On André Gide’s The Immoralist (1902)

Michael Lucey

University of California, Berkeley


There is an oft-cited sentence in André Gide’s journal entry for March 28, 1935, in which he notes: “Belle fonction à assumer : celle d’inquiéteur.”[1] One might translate inquiéteur many ways. Someone who is disturbing, perhaps, a troublemaker. [“A fine function to take on: that of a troublemaker.”] Rereading Gide’s The Immoralist (1902) recently that is indeed how I experienced the text. It is disturbing, upsetting even, to read. Why?

In Homos in 1995, Leo Bersani commented: “The Immoralist, it would not be entirely unfair to say, is the story of a man whose discovery that he is a pederast transforms him from a prematurely dried-up bookworm into a passionate lover of life.”[2] For ”life,” it is tempting to substitute “young men, mostly Arabs.” In 1993, in Culture and Imperialism, Edward Said, discussing The Immoralist, had focused his attention on the fact that a number of events are set in North Africa. Said cites one set of observations made by Gide’s protagonist, Michel:

This land of pleasure satisfies without calming desire; indeed, every satisfaction merely exalts it. A land liberated from works of art. I despise those who can acknowledge beauty only when it’s already transcribed, interpreted. One thing admirable about the Arabs: they live their art, they sing and scatter it from day to day; they don’t cling to it, they don’t embalm it in works. Which is the cause and the effect of the absence of great artists. . . . Just as I was returning to the hotel, I remembered a group of Arabs I had noticed lying in the open air on the mats of a little café. I went and slept among them. I returned covered with vermin.[3]

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For Said The Immoralist instantiates a particular attitude, one “that entitles the European authorial subject to hold on to an overseas territory, derive benefits from it, depend on it, but ultimately refuse it autonomy or independence.”[4] Bersani is, of course, aware of this aspect of the book, as well. He writes: “Michel appropriates the Arab boys’ presence for his own sensualist luxury. It is easy to see The Immoralist as yet another example of the sexual imperialism—both gay and straight—practiced by European travelers to colonized African countries. . . . Gide was certainly not immune to colonizing impulses (as he himself recognized), and yet those very impulses were perhaps the precondition for a potentially revolutionary eroticism.”(122)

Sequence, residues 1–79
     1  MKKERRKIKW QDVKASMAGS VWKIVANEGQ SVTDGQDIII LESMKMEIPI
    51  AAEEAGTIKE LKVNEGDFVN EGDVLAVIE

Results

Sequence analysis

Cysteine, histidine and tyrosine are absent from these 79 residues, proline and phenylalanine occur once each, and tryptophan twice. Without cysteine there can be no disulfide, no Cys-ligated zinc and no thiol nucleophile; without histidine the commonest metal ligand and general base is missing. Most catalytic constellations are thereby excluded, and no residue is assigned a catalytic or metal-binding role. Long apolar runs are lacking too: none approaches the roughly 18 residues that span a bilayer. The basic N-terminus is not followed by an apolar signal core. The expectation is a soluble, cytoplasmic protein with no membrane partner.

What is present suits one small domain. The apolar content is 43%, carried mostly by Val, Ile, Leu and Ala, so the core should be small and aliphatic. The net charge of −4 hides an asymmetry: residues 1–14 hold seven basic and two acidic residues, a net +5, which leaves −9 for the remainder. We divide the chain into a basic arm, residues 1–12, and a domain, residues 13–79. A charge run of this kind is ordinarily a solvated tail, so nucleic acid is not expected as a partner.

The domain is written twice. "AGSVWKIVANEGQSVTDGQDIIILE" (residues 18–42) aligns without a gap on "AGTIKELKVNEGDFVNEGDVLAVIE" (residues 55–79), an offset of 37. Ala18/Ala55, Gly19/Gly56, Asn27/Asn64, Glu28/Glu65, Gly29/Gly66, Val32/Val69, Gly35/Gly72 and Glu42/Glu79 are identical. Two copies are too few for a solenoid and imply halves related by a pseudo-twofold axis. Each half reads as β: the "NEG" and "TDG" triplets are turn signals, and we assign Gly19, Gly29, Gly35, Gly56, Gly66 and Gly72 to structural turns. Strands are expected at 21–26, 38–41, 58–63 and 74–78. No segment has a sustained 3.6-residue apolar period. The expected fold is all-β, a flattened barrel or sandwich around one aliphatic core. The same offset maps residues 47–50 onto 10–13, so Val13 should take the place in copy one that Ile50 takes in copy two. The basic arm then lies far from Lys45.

The bulk of The Immoralist is taken up with the protagonist Michel recounting to a group of friends his marriage to a young woman named Marceline. During part of the honeymoon spent in North Africa, they discover that he is suffering from tuberculosis. In Biskra, Marceline nurses Michel back to health and his interest in life is rekindled by his fascination with the bodies of the young boys he saw around him there. His health restored, he consummates his marriage with his wife on their way back to France through Italy, but she barely lives through childbirth (with the child stillborn) after an extremely difficult pregnancy, with time spent both at their country-house in Normandy and in Paris. There Michel writes and then delivers a set of lectures on a topic in Roman history. When Marceline too falls ill with tuberculosis after the difficult childbirth, they travel to find a climate that will be conducive to her recovery. Michel grows restless even after she begins to recover in Switzerland, with the result that he drags her through Italy, back to North Africa, as her health slowly fails, until finally she dies in Touggourt. So The Immoralist is also, we might say, the story of a man who kills his wife by insisting that she travel with him while ill for reasons neither of them articulates explicitly.